N. Korea accounts unfrozen, U.S. says
WASHINGTON – The United States said Tuesday that a financial deadlock stalling North Korean disarmament efforts has been broken and hinted that a looming deadline for action by the Stalinist state could be extended.
With just days to go before a weekend deadline for North Korea to shut down its main nuclear facility, the State Department said a stalemate over the release of $25 million in frozen North Korean bank accounts had been cleared.
“Authorized account holders, as of now, will be able to access the funds in those accounts,” spokesman Sean McCormack told reporters. “We’ll see if they take ‘yes’ for an answer.”
McCormack cited comments from authorities in the Chinese territory of Macau where the money is held by the Banco Delta Asia, which has been blacklisted by Washington for allegedly helping North Korea launder money.
Macau’s Monetary Authority said the holders of North Korean accounts can withdraw or transfer their money.
In Pyongyang, a U.S. official said North Korea is ready to accept U.N. nuclear inspectors as soon as it can access the money. The commitment was made to a visiting U.S. delegation, said the official, who spoke on condition of anonymity because of the sensitivity of the talks.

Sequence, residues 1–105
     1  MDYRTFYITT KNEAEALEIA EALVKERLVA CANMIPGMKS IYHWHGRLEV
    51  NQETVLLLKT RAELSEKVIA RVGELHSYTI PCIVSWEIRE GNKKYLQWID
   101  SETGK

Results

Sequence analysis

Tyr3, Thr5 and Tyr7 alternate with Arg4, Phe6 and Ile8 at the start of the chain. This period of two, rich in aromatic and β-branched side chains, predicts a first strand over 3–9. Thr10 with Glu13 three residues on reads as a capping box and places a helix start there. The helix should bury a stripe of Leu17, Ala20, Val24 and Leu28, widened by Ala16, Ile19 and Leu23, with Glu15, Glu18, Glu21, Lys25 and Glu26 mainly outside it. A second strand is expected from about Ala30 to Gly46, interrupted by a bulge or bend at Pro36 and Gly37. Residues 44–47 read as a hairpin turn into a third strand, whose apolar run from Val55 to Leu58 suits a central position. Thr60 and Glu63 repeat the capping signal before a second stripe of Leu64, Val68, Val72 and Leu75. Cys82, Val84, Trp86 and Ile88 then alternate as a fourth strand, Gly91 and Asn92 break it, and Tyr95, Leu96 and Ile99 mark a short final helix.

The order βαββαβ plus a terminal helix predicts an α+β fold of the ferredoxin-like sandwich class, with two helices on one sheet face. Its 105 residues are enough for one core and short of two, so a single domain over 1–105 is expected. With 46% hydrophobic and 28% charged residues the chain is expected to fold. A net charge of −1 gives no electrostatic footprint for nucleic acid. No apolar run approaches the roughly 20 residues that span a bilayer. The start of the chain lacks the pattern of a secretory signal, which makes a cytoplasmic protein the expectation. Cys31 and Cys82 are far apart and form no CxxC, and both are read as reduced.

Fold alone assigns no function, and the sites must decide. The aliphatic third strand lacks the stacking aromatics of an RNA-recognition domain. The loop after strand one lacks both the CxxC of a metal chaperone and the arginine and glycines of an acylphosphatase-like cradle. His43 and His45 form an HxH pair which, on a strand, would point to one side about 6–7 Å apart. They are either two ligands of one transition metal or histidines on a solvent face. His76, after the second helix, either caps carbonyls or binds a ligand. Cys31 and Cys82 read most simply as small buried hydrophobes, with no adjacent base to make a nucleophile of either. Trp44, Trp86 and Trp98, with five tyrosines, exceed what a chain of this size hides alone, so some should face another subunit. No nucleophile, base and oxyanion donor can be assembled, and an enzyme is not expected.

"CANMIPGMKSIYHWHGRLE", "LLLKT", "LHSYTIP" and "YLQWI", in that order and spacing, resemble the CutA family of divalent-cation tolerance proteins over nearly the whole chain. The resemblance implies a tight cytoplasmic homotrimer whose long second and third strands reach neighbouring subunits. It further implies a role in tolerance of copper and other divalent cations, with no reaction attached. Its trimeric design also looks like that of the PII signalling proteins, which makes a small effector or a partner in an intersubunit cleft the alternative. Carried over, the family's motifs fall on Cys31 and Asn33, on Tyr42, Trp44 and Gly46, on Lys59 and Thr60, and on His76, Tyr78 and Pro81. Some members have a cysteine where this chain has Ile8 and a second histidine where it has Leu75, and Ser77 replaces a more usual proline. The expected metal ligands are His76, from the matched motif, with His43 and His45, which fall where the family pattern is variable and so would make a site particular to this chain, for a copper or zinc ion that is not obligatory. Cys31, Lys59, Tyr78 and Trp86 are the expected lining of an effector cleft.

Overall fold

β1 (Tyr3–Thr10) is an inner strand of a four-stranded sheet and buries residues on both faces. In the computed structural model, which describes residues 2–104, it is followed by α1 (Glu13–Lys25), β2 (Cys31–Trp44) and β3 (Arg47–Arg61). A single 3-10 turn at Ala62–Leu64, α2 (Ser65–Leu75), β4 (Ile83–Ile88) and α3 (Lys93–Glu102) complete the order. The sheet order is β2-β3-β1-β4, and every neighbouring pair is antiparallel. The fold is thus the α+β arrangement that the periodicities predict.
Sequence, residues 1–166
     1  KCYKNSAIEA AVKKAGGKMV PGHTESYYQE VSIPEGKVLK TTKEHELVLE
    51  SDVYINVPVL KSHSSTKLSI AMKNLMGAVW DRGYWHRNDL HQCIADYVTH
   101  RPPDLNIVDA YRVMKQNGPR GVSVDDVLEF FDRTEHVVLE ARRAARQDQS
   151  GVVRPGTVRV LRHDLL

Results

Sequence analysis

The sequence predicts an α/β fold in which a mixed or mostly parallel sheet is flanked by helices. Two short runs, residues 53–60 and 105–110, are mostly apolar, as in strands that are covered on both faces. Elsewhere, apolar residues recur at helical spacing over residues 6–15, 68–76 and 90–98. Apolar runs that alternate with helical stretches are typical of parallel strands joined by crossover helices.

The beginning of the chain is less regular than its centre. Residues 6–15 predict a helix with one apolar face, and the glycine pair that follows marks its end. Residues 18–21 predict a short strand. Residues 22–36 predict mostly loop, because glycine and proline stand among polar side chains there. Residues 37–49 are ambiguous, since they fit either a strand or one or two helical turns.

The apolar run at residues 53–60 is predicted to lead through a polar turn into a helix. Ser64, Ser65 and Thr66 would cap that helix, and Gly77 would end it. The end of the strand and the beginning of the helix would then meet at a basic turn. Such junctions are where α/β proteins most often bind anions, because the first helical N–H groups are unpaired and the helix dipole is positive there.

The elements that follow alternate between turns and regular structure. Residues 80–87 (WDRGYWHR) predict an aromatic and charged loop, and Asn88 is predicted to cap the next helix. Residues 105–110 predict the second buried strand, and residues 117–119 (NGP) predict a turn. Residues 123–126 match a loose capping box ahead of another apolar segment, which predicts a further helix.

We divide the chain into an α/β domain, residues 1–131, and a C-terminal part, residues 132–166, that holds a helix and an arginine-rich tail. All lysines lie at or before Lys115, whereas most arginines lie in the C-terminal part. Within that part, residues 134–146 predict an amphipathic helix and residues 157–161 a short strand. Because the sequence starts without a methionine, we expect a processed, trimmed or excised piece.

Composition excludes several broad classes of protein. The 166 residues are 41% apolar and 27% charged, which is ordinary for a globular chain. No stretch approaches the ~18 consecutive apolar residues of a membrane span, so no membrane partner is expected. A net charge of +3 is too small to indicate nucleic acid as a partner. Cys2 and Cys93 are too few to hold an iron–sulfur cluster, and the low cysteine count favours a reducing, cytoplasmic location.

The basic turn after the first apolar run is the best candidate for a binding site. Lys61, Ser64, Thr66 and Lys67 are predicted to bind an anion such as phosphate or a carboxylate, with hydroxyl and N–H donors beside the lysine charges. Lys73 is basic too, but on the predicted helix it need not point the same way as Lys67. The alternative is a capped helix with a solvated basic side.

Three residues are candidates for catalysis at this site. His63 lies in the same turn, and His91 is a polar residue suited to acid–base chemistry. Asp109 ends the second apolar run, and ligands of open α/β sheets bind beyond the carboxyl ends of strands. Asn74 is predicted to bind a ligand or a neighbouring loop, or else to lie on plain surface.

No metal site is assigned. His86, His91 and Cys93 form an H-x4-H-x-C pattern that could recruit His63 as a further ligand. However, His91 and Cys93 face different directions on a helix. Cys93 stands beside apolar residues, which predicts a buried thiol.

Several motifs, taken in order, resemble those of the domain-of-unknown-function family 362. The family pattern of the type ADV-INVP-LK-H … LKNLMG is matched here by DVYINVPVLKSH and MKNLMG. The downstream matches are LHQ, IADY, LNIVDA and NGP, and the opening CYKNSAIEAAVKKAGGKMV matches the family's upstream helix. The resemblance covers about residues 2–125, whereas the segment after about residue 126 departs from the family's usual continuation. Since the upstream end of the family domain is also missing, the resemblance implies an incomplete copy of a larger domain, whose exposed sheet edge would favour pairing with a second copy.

McCormack maintained that the money had been freed for withdrawal, a position shared by South Korea.
Pyongyang had insisted the money be released before it closed its Yongbyon nuclear reactor as required by a February agreement.
Under that deal, the North has until Saturday to close the plant. McCormack acknowledged that closing and sealing the plant in four days might pose safety problems, suggesting a possible extension.
“We are now bumping up against the technical ability to safely shut down all the facilities related to Yongbyon,” McCormack said. “We’ll see where we are on Saturday.”
In South Korea, Hill expressed optimism the deadline could now be met.
“It’s obviously a big step that I think should clear the way for the (North) to step up the process of dealing with its obligations within the 60-day period,” said Assistant Secretary of State Christopher Hill, the top U.S. negotiator, referring to the Saturday deadline.
If North Korea follows through with its promises, they would be the first moves the communist state has made to scale back its nuclear development since it kicked out international inspectors and in 2003 restarted its sole operating nuclear reactor.
The only immediate cost the impoverished North would suffer for not shutting down the reactor by the deadline would be an initial 50,000-ton shipment of heavy fuel oil promised as a reward.
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